On Saturday night many of us in the audience at the Sala Ste Cecilia weren’t so much applauding the performance we had just witnessed of Kurt Weill-Bertolt Brecht’s Seven Deadly Sins as the sheer existence of the star performer. We were applauding her and ourselves for still being around. Like Marianne Faithful we had got through the past 40 years a bit battered, a bit bruised but still able say to the world “We’re here!”
Faithful has reinvented herself several times now – as a singer, an actress, a writer and now as what they use to call in the old days a diseuse. It is interesting to note that though the programme note told us we were hearing the arrangement for contralto, she was listed simply as “voce” or voice. And even someone as steeped in nostalgia as I have to admit there really isn’t much of a voice left – but what she has is an incredible ability to communicate. Using a variation on the Auden-Kallman English translation she sang-spoke Brecht’s story of Anna, a little girl from Louisiana who goes to the big cities to make her fortune. She sends all her money home to her moralistic pontificating family so they can build a little house on the Mississippi.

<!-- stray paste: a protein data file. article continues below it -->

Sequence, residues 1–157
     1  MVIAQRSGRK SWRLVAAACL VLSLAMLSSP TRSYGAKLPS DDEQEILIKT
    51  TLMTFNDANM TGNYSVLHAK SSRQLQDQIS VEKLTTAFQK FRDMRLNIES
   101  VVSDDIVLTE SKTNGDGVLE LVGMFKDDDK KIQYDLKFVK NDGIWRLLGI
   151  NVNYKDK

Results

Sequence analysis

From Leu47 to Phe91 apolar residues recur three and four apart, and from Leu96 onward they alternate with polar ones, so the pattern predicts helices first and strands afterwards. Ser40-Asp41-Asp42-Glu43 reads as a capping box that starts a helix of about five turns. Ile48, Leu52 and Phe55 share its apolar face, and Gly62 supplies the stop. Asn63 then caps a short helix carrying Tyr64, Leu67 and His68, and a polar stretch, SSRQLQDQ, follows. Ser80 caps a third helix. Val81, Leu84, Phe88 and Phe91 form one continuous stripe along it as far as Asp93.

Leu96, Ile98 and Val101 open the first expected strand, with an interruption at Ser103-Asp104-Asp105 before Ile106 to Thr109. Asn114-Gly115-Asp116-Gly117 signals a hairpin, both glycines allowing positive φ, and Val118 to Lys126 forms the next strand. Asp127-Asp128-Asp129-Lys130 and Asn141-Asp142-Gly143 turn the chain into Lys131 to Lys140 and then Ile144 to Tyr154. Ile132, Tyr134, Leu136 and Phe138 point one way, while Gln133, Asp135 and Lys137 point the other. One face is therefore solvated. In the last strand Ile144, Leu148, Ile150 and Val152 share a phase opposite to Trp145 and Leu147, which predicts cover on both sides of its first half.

Originally conceived as a ballet-opera Brecht uses the conceit of two Anna’s – Anna I, the singer, who by her own admission is “realistic” and Anna II, the dancer, who is “the one with the looks.” All the while her travels – through St Louis (Sloth), Memphis (Pride), Los Angeles (Wrath), Philadelphia (Gluttony), Boston (Lust), Baltimore (Avarice), San Francisco (Envy) – are commented on by her family – in the form of a barbershop quartet. Brecht’s intent is satirical: Anna II only does wrong when she refuses to commit the sin required to earn the money. She tries to do the right think but is always brought back to “reality” by Anna I and her hypocritical family. The only thing the defeated Anna II ever says is “Right, Anna.”
Under Ingo Metzmacher the Orchestra treated Weill’s music to the glowing performance it deserved – I happen to believe Weill is one of the 20th century greats. And it would be hard to imagine better harmonies than those produced by Mark Bleeke, Eric Edlund, Peter Becker and Wilbur Pauley – the Hudson Shad Quartet. Special praise to Bleeke, who despite a few wayward notes, sang Weill’s particularly difficult tenor line effectively. Though the text was printed in the programme the skill of all the performers in delivering the English text made it almost unnecessary.
Laurent was not as enamored of the performance as I – which could have something to do with those clouds of nostalgia – and at one point muttered that he wanted his Weill sung the way Teresa Stratas or Ute Lemper does it – not croaked. And though I am a big Stratas fan, I was more than happy with the experience. It is funny how nostalgia can alter perception.
28 aprile – San Pietro Chanel